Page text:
Ed. Note: Maryann Woods Murphy is a Spanish teacher and a Washington Teaching Ambassador Fellow on loan from her school in Allendale, NJ. This former New Jersey State Teacher of the Year and 33-year teaching veteran travelled with Secretary Duncan’s bus tour to meet with teachers and teachers unions. Here she shares her first-hand experience with a visit to the AFT Union Hall in Toledo, Ohio on Wednesday, where the Secretary viewed a demonstration of Toledo’s innovative program to mentor and evaluate teachers.
“Welcome to the home of peer review,” says Francine Lawrence, Vice President of the American Federation of Teachers and the former president of the Toledo Federation of Teachers. “We are so proud to recognize what we have done together.”
The room at Union Hall, Toledo, is packed. Teachers, educational leaders and community members are here to share “The Toledo Plan” with the Secretary of Education on his bus tour. There is excitement in the air.
“The Toledo Plan” is a peer review process that uses master teachers to guide and support the professional development of a newly hired probationary teacher or a non-probationary teacher who needs assistance.
Dal Lawrence, former President of the Toledo Federation of Teachers, was a key player in the creation of the plan 31 years ago. He says that it’s about seeing which teachers can “fly on their own” after they get expert mentoring.
Tonight we are watching how the panel reviews the work of two probationary teachers. Each intern teacher has been assigned a trained, consulting teacher who has worked with the intern extensively throughout the year. Now it’s time for that consulting teacher to present a case for the retention or release of their mentee to the panel.
One of the teachers that the consultant presents, shows great organization, an ability to connect with students, expertise in the design of learning activities, clear expectations and terrific routines. This intern seems to be a capable and caring educator and this is what the consulting teacher recommends to the panel.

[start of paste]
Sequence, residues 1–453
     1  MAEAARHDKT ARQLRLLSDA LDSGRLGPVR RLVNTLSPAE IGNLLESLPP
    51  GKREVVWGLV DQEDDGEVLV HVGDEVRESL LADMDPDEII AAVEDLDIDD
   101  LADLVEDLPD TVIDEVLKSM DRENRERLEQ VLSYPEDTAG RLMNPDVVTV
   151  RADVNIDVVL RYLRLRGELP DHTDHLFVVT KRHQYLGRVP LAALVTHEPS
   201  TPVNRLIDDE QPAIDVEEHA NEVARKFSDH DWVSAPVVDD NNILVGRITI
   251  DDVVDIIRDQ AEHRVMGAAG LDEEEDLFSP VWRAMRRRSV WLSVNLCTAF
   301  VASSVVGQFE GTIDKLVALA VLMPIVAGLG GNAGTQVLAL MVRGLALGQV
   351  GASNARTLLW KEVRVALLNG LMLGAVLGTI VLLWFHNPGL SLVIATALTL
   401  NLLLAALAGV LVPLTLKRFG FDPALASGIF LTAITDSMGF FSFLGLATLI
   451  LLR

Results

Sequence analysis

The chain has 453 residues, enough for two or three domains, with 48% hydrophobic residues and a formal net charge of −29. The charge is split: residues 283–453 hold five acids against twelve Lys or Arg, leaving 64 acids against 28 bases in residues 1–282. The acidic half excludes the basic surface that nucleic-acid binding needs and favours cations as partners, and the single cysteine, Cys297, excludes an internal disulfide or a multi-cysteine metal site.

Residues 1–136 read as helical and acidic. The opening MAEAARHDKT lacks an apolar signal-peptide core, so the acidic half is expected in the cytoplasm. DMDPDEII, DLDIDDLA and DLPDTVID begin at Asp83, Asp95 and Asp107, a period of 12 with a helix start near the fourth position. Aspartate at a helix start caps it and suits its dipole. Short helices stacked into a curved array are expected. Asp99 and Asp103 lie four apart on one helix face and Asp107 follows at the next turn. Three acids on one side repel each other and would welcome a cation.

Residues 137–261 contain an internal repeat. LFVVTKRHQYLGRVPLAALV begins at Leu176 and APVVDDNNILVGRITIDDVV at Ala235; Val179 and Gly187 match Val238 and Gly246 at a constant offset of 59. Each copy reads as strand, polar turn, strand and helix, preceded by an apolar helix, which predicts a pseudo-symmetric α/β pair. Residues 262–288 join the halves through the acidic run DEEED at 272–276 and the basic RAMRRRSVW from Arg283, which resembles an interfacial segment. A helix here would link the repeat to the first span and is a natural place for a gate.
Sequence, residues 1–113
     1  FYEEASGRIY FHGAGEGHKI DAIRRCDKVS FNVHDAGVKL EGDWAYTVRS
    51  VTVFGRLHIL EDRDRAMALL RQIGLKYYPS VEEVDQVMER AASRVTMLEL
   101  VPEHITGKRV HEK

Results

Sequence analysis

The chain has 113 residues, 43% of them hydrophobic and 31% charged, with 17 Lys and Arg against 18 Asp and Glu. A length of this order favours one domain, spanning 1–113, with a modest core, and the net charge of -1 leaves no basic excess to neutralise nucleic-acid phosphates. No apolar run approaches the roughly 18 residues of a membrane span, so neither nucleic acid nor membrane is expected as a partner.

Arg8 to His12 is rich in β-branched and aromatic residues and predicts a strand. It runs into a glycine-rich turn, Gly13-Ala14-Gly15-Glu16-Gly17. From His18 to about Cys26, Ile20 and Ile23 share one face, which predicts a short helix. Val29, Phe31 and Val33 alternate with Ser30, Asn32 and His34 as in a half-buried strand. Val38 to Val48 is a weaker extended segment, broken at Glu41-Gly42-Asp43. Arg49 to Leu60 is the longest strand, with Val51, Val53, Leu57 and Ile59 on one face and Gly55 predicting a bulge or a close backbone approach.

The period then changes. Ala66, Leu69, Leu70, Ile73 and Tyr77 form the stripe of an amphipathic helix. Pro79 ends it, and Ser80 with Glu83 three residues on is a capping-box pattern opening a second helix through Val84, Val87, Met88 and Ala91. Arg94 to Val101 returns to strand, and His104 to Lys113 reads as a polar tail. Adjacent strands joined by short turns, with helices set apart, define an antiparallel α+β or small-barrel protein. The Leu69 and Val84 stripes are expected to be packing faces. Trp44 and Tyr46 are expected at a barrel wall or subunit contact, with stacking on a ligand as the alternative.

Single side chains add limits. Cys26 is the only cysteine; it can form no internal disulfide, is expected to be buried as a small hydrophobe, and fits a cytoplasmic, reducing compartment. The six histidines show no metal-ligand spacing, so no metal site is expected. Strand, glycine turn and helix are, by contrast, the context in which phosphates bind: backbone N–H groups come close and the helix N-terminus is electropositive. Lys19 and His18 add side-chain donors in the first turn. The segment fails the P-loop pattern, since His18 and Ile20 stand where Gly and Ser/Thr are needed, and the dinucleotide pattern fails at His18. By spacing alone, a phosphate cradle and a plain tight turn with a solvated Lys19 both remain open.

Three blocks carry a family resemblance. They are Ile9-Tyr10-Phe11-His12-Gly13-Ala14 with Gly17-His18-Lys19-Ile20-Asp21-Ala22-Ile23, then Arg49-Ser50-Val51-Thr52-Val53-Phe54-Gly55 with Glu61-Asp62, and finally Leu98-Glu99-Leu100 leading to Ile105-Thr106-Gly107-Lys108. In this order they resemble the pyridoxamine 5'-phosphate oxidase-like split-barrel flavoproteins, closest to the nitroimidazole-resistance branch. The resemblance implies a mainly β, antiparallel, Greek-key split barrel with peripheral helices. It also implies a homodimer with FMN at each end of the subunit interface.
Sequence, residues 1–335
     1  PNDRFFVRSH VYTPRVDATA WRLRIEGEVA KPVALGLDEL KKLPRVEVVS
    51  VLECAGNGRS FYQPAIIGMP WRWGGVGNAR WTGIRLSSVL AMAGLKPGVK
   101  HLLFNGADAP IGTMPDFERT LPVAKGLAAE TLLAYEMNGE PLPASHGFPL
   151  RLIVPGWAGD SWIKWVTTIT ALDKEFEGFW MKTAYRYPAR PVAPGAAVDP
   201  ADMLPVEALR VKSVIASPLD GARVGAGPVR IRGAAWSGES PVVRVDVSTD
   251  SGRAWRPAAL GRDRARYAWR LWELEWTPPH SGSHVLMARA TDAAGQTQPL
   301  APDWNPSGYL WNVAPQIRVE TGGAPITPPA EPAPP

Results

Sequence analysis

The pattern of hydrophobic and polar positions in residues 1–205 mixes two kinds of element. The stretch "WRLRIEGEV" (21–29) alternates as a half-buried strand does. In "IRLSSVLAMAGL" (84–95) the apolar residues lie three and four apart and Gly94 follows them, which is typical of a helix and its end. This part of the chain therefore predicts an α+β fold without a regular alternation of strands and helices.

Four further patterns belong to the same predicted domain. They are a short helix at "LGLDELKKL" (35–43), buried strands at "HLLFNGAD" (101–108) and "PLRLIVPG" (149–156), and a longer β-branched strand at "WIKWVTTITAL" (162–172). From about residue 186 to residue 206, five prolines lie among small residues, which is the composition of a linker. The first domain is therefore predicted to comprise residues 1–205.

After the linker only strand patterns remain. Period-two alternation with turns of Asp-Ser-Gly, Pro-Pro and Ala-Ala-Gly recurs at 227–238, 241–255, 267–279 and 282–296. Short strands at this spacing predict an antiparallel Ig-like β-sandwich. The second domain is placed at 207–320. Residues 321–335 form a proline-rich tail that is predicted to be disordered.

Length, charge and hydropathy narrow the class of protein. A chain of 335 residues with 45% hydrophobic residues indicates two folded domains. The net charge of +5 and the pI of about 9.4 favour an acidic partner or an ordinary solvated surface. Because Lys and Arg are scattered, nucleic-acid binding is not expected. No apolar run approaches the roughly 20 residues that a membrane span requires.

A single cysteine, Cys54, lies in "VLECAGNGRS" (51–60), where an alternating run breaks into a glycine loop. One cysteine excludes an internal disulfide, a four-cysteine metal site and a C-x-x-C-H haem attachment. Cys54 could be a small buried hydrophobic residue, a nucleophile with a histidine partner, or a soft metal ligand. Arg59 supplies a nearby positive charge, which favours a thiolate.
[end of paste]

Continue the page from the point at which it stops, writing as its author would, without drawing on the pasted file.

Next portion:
But the panel needs to probe and clarify any doubts, asking the consultant for evidence of the intern’s positive performance. Finally, the panel decides to affirm the consultant’s recommendation. This teacher will be offered a non-probationary contract for the following school year.
The next probationary teacher presenting to the panel really struggles. Though she is well meaning, her directions are unclear to kids. In her kindergarten class, students are distracted, doodling on themselves with markers, standing up at will and tossing paper cups. Despite the fact that the consulting teacher has offered many helpful suggestions and strategies, the intern cannot get her teaching together. The year has gotten progressively worse, and students are just not learning.
The panel agrees with the consultant’s negative recommendation. This teacher has not learned to “fly” and won’t be invited back to teach in Toledo. She didn’t make the cut.
After the mock peer review process concludes, Arne takes the microphone: “I have followed this model very closely for years,” he says, “I am always looking for models that the country should be looking at.” He goes on to say that he’d like to see more “tough minded collaborations” and “more districts working together in a thoughtful and collaborative way.”
Francine Lawrence, the Vice President of AFT closes the evening by saying that “in every school where you have significant student achievement, you have union and staff collaboration.”
The positive climate I see tonight and the long history and success of the peer review process show that working together for the good of students is possible. In fact, it’s been happening in Toledo for a very long time.
Read a previous bus-tour post about the Toledo event.